England newcomer James Bracey is eager to "jump straight in" to this week's training camp at the Ageas Bowl by testing his mettle against the best bowlers in the country.
The 23-year-old reported for duty at Hampshire's ground on Tuesday, one of eight uncapped players named in an expanded 30-man group that will spend the next week netting, eating and sleeping on site in preparation for next month's Test series against the West Indies.
The Gloucestershire wicketkeeper-batsman made a good impression when travelling with the Lions over the winter and is now desperate to challenge himself against the finest England has to offer.
Asked who he was looking forward to facing on his first senior get together, Bracey told the PA news agency: "I want to jump straight in, so if I had the choice I'd want James Anderson, Stuart Broad and Jofra Archer in my first net.
"That would be lobbing yourself in at the deep end, I know, but if you can find a way to play guys like that and face up to them that would give you great confidence and the best possible chance to do well at international level.
"I haven't met all of the England lads before, I played Archer a couple of times for Gloucestershire which was a decent challenge and I faced Jimmy when he was coming back to fitness with Lancashire. He was probably on 70 or 80 per cent fit but he was still incredible, the skill he has is quite ridiculous.
"I feel like I've got an opportunity to be around the best Test cricketers in the country for the next couple of weeks and that's something I've not experienced before, so let's see where I'm at."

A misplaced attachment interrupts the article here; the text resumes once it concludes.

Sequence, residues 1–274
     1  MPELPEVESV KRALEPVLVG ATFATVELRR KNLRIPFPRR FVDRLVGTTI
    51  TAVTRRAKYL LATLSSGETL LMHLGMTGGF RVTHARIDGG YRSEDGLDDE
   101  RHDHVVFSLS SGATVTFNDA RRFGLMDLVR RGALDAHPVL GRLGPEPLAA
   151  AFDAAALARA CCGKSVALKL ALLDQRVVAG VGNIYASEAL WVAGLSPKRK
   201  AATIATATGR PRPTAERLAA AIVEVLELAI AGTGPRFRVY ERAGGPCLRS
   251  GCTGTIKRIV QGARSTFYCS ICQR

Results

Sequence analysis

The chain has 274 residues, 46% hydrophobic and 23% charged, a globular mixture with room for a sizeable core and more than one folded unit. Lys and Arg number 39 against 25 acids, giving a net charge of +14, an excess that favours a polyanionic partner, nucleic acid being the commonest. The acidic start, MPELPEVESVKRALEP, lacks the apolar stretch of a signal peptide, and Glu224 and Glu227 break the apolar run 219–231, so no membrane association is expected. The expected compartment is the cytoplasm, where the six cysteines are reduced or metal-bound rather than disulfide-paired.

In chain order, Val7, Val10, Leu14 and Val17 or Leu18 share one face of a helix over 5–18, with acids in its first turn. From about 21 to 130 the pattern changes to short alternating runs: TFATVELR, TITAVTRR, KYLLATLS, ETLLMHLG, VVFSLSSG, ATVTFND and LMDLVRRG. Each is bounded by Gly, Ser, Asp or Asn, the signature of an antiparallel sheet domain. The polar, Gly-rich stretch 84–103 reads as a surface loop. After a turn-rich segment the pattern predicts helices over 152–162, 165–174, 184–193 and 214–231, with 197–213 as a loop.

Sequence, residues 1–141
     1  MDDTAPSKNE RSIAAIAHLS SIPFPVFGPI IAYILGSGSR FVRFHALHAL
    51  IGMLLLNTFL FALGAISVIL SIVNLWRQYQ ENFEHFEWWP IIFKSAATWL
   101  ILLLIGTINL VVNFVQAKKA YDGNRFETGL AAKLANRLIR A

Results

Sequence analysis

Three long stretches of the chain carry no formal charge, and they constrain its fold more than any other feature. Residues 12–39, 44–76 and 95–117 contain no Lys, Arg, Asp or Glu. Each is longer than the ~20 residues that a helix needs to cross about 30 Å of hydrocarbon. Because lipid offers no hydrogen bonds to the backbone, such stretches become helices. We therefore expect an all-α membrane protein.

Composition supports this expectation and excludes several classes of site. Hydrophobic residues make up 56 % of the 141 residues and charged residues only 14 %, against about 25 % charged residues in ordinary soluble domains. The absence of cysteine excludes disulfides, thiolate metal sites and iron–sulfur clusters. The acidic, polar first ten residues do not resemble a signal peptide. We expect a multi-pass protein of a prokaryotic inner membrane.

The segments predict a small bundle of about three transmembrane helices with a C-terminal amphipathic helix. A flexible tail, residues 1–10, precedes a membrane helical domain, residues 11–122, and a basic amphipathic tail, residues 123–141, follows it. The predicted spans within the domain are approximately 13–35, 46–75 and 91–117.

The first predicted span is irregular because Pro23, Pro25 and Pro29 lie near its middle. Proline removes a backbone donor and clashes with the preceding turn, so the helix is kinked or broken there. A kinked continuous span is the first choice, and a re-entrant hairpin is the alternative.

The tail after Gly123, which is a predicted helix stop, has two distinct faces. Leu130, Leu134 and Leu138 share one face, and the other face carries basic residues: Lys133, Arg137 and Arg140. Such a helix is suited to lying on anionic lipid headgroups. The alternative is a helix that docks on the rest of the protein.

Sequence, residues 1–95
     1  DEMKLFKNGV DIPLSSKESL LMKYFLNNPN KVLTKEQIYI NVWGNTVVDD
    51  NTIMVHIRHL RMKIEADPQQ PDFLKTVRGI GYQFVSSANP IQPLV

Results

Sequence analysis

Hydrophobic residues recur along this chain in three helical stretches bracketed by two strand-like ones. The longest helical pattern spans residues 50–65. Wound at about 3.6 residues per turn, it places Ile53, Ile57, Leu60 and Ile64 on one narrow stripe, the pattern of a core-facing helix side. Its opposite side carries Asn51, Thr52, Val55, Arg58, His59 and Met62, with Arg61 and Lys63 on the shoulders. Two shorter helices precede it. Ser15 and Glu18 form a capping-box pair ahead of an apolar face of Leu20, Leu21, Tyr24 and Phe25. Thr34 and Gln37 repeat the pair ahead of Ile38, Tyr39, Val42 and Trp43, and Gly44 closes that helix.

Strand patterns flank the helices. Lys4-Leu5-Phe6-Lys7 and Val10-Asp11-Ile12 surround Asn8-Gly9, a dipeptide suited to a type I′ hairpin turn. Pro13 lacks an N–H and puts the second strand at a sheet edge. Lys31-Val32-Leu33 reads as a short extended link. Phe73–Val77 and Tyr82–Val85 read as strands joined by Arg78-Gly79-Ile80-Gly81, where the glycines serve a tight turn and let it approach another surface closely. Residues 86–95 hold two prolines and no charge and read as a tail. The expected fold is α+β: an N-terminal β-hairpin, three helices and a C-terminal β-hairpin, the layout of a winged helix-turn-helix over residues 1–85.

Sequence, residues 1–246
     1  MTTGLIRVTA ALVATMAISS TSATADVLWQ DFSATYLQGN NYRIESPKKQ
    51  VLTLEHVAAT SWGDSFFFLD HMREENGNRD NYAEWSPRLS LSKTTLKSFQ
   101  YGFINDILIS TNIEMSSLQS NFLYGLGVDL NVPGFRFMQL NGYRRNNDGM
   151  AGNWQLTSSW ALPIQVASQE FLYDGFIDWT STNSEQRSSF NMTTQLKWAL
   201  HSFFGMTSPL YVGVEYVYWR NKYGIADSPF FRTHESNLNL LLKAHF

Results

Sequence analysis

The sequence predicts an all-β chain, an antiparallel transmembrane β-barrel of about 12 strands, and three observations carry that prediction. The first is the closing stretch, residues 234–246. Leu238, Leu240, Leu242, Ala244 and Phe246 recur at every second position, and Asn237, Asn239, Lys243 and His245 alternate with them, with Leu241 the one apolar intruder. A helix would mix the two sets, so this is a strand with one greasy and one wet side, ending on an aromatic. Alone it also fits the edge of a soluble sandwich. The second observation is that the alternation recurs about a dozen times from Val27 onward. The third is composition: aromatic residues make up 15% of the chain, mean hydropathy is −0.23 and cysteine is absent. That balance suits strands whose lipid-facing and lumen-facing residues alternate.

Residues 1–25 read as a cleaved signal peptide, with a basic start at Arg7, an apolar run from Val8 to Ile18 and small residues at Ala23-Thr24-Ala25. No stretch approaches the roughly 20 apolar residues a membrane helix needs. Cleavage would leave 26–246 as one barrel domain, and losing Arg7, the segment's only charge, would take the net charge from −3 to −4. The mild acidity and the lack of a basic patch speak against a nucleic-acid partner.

Archer has yet to join his team-mates after a family member became unwell, but will check in on Thursday providing he tests negative for Covid-19.
With county cricket still on hiatus until at least August 1, Bracey was one of several players taken off furlough by the England and Wales Cricket Board in preparation for the delayed international summer.
From being stood down by his employers and unable to play a shot in anger, to being in with a shout of a Test call-up represents a rollercoaster few months for a young cricketer.
"I was a late bloomer, I went to university first, so I feel pretty clued up to the fact this is a career with no great security," he said.
"It's not like football or the big American sports. It lacks some of that certainty and some of that big money. I think this has opened a lot of people's eyes to the fact that you need to develop yourself as a person and in other walks of life.
"It was strange to be without work for three months, but luckily the furlough scheme was in place to help a lot people out. "
Bracey's current involvement owes as much to his exploits in Australia over the winter as it does to his burgeoning form in Division Two of the Specsavers County Championship. He scored 58 in a warm-up against a Cricket Australia XI then contributed 65 in the victory over Australia A at the MCG coming in at number six.
England are not exactly short of glovemen who bat – with Jos Buttler, Jonny Bairstow and Ben Foakes also involved – but Bracey stands out for his eagerness to bat at the top of the order in first-class cricket.
Doing so while keeping wicket is a rare feat in Test, one that has even tried the concentration of greats such as Kumar Sangakkara and Alec Stewart, but Bracey is not overawed by the prospect.
"I grew up opening the batting and I first broke in as a batsman, so naturally I want to bat at the top," he said.
"I think the skills I have suit opening or batting at number three. Doing both jobs is definitely something I'd be up for trying. I've done it for Gloucestershire and, don't get me wrong it is tough, but it does help balance a team nicely.
"I know Test cricket would be another step up in intensity and with the extra day, but it's something I'm open to if the chance materialises."